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J Anim Physiol Anim Nutr (Berl). 2007 Feb;91(1-2):19-28.

Assessment of zinc and copper status in weaned piglets in relation to dietary zinc and copper supply.

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1
Department of Animal Health, Welfare and Nutrition, Danish Institute of Agricultural Sciences, Research Centre Foulum, Tjele, Denmark. dorthe.carlson@agrsci.dk

Abstract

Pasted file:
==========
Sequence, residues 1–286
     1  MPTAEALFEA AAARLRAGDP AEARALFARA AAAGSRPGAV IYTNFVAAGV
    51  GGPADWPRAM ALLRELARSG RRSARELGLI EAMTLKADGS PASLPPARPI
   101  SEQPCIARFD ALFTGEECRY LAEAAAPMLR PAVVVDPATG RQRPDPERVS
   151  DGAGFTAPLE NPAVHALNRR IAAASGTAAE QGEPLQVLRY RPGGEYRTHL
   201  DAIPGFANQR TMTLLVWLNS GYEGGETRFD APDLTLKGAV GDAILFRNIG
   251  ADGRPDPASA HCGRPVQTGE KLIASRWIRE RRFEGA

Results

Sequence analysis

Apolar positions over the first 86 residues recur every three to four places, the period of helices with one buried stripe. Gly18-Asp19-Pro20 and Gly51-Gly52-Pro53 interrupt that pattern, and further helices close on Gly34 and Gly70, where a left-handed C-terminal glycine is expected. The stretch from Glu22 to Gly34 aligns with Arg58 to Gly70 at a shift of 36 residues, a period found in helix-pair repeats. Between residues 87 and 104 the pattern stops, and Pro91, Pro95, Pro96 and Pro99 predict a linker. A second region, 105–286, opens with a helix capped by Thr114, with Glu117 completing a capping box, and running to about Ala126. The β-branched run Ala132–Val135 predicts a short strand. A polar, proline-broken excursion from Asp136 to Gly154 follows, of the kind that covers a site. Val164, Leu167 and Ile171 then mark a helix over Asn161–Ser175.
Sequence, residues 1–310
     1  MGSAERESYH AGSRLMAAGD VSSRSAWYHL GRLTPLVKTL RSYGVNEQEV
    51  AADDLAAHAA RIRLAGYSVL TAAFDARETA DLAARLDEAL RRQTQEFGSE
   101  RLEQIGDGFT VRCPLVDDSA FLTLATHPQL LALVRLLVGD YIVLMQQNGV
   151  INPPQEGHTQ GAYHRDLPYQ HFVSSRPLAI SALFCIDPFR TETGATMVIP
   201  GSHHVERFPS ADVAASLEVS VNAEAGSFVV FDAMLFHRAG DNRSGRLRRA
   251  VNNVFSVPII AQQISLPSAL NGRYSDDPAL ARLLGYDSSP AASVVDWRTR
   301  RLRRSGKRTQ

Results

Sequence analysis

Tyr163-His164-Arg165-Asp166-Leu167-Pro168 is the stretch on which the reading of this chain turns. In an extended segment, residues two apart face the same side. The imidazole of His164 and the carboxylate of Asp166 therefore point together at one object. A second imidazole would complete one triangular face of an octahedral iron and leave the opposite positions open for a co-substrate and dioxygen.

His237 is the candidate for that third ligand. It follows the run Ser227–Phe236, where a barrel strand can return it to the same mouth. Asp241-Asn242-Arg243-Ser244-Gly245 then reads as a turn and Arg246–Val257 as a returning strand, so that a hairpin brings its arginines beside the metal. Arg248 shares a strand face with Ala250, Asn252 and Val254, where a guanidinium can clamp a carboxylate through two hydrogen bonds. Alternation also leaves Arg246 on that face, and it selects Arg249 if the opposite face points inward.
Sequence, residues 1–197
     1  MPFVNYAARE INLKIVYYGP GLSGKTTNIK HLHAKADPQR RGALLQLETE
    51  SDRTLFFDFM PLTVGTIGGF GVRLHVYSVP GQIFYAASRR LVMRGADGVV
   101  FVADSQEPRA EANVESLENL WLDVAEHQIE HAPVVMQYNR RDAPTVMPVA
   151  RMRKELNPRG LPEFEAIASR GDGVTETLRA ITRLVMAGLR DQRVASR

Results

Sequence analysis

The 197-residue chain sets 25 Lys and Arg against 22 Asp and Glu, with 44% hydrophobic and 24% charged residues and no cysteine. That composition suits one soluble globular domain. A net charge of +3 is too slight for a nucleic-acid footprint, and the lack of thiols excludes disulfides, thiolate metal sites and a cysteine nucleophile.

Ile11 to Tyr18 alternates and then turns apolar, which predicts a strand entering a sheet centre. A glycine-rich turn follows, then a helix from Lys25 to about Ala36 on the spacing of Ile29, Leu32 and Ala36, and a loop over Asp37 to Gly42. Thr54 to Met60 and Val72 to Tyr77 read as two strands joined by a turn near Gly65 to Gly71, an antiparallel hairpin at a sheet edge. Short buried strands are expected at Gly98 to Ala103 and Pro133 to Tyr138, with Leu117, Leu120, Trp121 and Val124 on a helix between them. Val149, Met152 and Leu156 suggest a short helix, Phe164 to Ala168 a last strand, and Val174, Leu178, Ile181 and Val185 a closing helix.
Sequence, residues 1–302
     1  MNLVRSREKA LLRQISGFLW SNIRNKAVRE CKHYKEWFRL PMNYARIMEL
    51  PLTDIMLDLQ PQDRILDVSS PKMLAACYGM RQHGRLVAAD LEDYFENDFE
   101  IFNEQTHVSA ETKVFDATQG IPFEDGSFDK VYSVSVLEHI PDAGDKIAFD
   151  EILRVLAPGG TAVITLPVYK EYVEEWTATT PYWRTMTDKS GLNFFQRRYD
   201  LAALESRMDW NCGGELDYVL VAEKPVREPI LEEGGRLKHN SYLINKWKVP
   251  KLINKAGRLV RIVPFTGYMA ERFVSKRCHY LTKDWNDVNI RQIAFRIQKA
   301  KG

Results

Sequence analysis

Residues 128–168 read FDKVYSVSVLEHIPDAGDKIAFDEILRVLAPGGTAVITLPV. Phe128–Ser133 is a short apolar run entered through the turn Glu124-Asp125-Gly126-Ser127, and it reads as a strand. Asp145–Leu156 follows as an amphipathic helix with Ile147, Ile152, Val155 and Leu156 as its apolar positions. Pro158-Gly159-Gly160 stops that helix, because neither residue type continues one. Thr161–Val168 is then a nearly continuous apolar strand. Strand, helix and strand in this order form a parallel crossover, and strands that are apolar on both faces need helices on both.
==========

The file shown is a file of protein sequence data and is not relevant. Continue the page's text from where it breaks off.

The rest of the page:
The aim of the study was to determine the effect of weaning and the effect of increasing dietary zinc concentrations on the zinc and copper status of weaned piglets (study 1) and to study the effect of high concentrations of dietary zinc and/or copper on zinc and copper status of weaned piglets (study 2). Study 1 included 54 piglets (six litters of nine piglets). One piglet from every litter was killed 1 day before weaning. The remaining 48 piglets were allocated at weaning (28 days) to four dietary zinc treatments (100, 250, 1000 or 2500 ppm) and subsequently killed 1-2, 5-6 or 14-15 days after weaning. Study 2 included 48 piglets (six litters of eight piglets) allocated to four dietary treatments, consisting of low or high dietary zinc (100 or 2500 ppm) in combination with low or high dietary copper (20 or 175 ppm). All piglets in study 2 were killed 5-7 days after weaning. In both studies, the trace mineral status was assessed by zinc and copper concentrations and alkaline phosphatase (AP) activity in plasma and mucosal tissue. In study 2, lymphocyte metallothionein (MT) mRNA and intestinal mucosa MT mRNA concentrations were included as zinc status markers. The results showed that the zinc status, measured as zinc in plasma and mucosa, was not affected by weaning of the piglets. Plasma copper concentrations decreased during the first 2 weeks after weaning. High dietary copper concentrations did not affect the concentration of copper in plasma, but increased the concentration of copper in mucosa and the concentration of zinc in plasma. The dietary zinc treatments increased the zinc concentration in plasma as well as the zinc and MT mRNA concentration in mucosa. Lymphocyte MT mRNA concentrations did not reflect the differences in dietary zinc supplementation.

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